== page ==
This passage from Paul’s letter to the Galatians has been the most preached text at Fourth of July celebrations of this nation’s Declaration of Independence.
Yet on the Fourth of July, when the rhetoric of freedom is so frequently used to celebrate national autonomy, when distinctions between citizenship and discipleship are so often blurred, it is important to ask, “Whose freedom?” It is important to remember that freedom in Christ does not cut us loose from others, but binds us to one another in love.
Galatians 5:1, 13-25 focuses the question of freedom around one specific issue from religious law and practice of that day. But today I’m not talking about circumcision. Today I believe we are called to freedom from the unwritten law of individualism and the false god of self-interest.
Let this be a declaration of interdependence: “For freedom Christ has set us free.”
New Testament Scholar Richard Hays writes, “This freedom is to be sharply distinguished from ‘autonomy,’ a word that means literally ‘self-law.’ To be autonomous is to be, paradoxically, at the mercy of ourselves. By contrast, the freedom of which Paul speaks is freedom in Christ, a freedom that says, ‘It is no longer I who live, but it is Christ who lives in me’” (Gal. 2:20).
Freedom in Christ is not only freedom from. It is freedom for….
Paul continues in, verses 13 through 15. He says, “You were called to freedom, brothers and sisters; only do not use your freedom as an opportunity for self-indulgence, but through love become slaves to one another. For the whole law is summed up in a single commandment, ‘You shall love your neighbor as yourself.’”
In Christ’s love we are bound to each other despite our inclinations to isolate and defend. Dr. Martin Luther King, Jr. called it a “web of mutuality.” Freedom in Christ recognizes and lives in the God-given right relationship between people, and peoples, and all creation.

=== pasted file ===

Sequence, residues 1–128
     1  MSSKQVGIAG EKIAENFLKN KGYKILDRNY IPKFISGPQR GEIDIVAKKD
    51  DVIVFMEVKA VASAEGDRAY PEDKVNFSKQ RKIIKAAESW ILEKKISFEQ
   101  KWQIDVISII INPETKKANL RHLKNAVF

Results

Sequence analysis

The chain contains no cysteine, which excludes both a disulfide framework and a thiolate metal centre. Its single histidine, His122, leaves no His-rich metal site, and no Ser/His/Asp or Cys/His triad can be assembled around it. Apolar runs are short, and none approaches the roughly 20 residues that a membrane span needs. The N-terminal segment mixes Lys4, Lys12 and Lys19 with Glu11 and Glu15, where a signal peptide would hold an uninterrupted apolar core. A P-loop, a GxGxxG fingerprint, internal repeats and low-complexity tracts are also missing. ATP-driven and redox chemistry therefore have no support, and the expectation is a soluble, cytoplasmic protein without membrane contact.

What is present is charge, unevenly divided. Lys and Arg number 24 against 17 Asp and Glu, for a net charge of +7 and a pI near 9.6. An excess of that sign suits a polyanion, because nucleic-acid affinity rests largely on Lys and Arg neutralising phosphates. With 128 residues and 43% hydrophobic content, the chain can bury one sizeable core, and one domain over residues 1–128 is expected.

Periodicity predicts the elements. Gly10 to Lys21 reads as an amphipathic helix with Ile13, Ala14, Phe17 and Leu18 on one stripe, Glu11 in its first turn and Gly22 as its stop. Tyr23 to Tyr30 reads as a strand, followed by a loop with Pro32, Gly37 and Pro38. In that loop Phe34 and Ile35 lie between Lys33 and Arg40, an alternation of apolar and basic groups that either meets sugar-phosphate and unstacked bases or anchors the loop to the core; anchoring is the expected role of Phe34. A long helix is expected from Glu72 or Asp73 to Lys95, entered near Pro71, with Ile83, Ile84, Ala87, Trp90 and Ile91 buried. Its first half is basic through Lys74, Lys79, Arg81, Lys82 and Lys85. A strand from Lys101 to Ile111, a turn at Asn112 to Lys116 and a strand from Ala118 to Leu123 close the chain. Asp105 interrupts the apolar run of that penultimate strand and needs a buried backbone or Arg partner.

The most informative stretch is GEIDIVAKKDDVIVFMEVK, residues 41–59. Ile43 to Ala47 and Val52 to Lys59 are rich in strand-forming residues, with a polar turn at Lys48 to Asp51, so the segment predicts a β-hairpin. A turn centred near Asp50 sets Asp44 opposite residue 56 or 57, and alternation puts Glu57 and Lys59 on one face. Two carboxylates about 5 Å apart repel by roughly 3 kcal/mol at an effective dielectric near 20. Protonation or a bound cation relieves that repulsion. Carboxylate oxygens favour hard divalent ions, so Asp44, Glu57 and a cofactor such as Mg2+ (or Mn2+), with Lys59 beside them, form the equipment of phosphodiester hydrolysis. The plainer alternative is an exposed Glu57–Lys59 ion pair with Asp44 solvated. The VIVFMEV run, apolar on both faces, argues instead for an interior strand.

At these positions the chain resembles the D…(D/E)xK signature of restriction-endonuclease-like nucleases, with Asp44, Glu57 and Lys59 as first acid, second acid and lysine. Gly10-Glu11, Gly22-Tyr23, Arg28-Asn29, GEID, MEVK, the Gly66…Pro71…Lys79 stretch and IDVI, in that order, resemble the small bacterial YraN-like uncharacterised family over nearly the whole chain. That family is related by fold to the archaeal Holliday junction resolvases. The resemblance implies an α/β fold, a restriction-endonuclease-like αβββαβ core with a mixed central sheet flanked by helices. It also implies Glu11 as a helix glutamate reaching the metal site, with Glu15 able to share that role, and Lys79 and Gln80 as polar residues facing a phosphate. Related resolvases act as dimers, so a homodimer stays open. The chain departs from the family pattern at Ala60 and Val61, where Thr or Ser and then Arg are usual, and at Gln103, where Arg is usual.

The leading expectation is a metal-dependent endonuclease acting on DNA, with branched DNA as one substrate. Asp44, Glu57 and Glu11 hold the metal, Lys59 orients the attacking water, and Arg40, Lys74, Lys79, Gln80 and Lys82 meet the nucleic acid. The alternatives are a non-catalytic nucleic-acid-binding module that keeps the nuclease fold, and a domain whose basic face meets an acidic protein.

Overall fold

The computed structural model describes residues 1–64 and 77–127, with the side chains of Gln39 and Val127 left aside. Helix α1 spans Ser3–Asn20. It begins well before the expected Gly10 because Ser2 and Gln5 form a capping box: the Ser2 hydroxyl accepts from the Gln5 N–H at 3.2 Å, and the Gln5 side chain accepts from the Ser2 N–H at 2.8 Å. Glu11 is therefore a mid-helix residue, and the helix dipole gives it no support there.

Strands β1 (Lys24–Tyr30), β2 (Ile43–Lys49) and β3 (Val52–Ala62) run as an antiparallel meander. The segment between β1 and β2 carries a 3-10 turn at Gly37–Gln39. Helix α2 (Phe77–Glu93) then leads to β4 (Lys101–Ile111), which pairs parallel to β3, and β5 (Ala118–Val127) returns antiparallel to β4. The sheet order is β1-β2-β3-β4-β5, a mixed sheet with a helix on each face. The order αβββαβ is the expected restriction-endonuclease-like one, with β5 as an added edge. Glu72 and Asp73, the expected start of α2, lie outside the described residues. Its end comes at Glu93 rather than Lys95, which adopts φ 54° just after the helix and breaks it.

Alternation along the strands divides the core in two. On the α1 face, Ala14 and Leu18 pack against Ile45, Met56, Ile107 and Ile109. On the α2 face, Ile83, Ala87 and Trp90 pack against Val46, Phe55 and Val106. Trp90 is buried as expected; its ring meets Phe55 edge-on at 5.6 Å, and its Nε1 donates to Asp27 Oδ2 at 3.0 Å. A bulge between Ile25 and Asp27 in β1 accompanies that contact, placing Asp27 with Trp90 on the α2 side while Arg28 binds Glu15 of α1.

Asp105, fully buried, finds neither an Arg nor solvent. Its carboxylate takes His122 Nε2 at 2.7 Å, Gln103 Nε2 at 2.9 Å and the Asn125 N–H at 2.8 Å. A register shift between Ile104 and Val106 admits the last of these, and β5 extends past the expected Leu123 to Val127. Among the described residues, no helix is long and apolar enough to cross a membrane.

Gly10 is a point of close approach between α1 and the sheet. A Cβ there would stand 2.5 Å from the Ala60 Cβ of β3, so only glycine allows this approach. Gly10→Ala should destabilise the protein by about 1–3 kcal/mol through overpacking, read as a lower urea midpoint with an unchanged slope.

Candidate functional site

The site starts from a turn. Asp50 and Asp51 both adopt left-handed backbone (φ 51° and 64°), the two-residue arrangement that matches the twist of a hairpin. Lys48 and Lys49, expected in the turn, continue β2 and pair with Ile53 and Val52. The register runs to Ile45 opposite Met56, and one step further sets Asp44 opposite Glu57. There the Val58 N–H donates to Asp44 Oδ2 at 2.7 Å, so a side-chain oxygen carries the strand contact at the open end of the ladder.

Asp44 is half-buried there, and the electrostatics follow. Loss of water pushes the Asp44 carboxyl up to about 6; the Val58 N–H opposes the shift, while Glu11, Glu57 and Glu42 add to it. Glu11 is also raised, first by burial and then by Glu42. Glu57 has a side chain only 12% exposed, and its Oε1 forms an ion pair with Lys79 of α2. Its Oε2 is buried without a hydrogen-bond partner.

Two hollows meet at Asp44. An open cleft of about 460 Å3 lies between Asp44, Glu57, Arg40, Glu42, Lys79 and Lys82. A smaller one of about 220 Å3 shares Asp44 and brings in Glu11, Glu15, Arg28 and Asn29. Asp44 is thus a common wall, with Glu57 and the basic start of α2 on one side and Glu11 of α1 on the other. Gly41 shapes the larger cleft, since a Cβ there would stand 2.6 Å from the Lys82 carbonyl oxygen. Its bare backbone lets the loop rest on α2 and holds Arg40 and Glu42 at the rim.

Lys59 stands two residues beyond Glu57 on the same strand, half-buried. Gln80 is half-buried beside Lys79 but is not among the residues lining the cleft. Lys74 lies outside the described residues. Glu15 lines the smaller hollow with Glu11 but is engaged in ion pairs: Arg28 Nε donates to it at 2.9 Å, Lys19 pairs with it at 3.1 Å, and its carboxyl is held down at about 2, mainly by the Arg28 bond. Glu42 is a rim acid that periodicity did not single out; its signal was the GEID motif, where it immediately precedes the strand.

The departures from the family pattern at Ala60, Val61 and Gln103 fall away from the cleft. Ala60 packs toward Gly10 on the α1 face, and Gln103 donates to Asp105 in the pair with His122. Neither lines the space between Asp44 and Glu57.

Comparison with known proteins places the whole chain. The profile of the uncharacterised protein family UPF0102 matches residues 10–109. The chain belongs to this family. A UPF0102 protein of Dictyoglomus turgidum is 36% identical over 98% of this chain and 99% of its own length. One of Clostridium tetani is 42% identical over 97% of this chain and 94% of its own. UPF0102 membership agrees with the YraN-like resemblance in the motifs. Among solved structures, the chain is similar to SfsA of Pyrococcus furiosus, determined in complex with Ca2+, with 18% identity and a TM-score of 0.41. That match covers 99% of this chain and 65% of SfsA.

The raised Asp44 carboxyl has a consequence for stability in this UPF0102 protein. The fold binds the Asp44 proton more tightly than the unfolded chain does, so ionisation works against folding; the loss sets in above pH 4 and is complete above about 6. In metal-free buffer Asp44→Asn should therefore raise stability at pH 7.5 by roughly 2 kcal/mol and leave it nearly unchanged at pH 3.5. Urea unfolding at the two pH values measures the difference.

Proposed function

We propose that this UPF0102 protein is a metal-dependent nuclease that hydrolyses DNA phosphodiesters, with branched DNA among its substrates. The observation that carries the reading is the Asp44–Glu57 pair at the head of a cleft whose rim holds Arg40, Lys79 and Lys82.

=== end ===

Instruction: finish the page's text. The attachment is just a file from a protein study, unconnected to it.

The biggest mistake we could make on Independence Day would be to misjudge (our) location and believe (we) are uninvolved and unaffected by what is happening in the world.
The biggest mistake we could make in claiming the freedom we are given in Christ is to believe it frees us from connection. We are freed for connection. We are freed for commitment, responsibility, relationship, genuine community, obligation, servanthood!
In Christ, we are bound to the parents of Nigerian schoolgirls; we are bound to the people suffering from Malaria in Africa.
“For freedom Christ has set us free” means that the ties that bind us as followers of Jesus go far beyond obligation. Freedom in Christ is the magnificent opportunity to freely choose to live in the world as brothers and sisters.
We grow in freedom, or we submit to the yoke of slavery in ever new and ever familiar forms.
“For Freedom Christ has set us free….”
Pastor Eun-Joo Myung is pastor of Patterson Federated Methodist-Presbyterian Church. Sermon notes is a column by local religious leaders.